WogRAT abuses note-taking services aNotepad

The newly discovered WogRAT malware compromises Windows and Linux systems by utilizing the aNotepad online service for storing and transmitting malicious code.

Researchers from the AhnLab Security Intelligence Center (ASEC), who identified this malware, report that it has been operational since at least late 2022, primarily targeting countries in Asia such as Japan, Singapore, China, and Hong Kong.

The initial distribution method of WogRAT remains unclear, but the researchers observed that the names of its executable files mimic those of well-known software (e.g., flashsetup_LL3gjJ7.exe, WindowsApp.exe, WindowsTool.exe, BrowserFixup.exe, ChromeFixup.exe, HttpDownload.exe, ToolKit.exe), indicating that the malware might be spread through malicious ads that disguise it as legitimate applications.

On the aNotepad note-taking platform, the malware stores a base64-encoded .NET file for Windows, masquerading as an Adobe product. As aNotepad is a legitimate service, it does not trigger alarms from security solutions and is not included in block lists, enabling attackers to conceal the infection process more effectively.

When WogRAT is initially executed on a victim’s computer, it tends to go unnoticed by antivirus software because it lacks any overtly malicious functions. Instead, it contains an encrypted downloader for malicious code that is compiled and executed in real time. This downloader retrieves another malicious .NET binary from aNotepad, encoded in base64, leading to the loading of a DLL that constitutes the actual WogRAT malware.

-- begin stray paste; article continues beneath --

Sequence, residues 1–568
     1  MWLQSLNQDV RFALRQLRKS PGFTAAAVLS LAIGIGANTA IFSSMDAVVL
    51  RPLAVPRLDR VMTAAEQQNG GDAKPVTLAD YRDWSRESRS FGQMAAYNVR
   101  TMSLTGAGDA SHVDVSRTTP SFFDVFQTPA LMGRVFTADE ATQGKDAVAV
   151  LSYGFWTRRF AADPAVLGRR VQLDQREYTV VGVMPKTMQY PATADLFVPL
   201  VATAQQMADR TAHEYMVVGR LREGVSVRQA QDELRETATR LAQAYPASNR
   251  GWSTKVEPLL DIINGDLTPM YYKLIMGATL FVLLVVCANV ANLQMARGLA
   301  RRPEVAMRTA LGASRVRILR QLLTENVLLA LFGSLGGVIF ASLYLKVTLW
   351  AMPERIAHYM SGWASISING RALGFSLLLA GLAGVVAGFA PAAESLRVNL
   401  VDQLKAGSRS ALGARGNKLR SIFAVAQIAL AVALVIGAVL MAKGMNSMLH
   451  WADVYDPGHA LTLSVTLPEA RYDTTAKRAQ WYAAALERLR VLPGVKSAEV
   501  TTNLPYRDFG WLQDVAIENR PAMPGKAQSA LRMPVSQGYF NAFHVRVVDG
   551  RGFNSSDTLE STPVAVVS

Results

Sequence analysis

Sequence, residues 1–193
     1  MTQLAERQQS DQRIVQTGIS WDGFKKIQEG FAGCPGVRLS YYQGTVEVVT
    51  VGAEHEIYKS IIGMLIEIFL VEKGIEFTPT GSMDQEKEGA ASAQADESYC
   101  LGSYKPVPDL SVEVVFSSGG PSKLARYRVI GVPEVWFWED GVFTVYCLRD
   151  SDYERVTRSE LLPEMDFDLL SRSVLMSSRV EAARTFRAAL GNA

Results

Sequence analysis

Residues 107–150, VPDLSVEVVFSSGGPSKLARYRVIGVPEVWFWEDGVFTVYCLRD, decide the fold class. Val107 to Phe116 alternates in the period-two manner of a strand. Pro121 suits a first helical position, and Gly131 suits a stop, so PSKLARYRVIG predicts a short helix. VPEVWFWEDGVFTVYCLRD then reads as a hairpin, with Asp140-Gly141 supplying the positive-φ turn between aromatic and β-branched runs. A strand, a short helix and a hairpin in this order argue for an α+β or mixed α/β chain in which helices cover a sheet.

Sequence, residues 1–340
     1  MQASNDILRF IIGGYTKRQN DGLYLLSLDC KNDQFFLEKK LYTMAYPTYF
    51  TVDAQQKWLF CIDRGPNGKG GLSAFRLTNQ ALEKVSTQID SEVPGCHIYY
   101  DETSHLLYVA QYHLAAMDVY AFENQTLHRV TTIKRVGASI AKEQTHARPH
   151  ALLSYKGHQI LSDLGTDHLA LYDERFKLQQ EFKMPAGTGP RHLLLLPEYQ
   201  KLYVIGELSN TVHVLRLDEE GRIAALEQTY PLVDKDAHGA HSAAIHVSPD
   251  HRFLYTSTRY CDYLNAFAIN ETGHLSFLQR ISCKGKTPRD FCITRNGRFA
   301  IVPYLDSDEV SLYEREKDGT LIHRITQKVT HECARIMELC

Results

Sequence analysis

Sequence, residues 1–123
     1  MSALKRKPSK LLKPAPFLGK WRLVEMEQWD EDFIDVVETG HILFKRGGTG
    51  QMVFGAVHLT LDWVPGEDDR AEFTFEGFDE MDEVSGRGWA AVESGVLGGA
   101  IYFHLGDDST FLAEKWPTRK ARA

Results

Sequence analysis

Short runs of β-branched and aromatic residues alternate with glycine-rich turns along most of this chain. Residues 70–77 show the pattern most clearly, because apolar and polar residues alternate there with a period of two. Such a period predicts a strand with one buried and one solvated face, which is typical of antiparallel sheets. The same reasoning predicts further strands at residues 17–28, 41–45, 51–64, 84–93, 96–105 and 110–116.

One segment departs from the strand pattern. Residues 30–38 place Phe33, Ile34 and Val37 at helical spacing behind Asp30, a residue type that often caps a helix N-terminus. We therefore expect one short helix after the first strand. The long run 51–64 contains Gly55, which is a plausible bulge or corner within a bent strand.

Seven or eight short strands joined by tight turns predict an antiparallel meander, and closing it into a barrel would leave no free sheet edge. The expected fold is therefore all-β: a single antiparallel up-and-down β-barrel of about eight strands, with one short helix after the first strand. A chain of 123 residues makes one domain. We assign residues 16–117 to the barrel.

WogRAT abuses note-taking services aNotepad

Once infected, WogRAT compiles a basic profile of the system and sends it to its command-and-control server, from which it receives further instructions. The malware has the capability to: execute specific commands, download files from designated URLs, upload specified files to the control server, pause for a predetermined period (in seconds), and terminate its operations.

The Linux variant of WogRAT, provided as an ELF file, shares many similarities with its Windows counterpart. However, it is differentiated by its use of Tiny Shell for network routing, enhanced encryption in communication with the command-and-control server, and the absence of aNotepad integration.

Tiny Shell is an open-source backdoor tool that enables communication and command execution on Linux systems. It is utilized by several hacking groups, including LightBasin, OldGremlin, UNC4540, and the operators of the Linux rootkit Syslogk.

A notable distinction between the versions is that the Linux variant does not use POST requests for command transmission. Instead, it employs a reverse shell established on a specified IP and port to relay commands.

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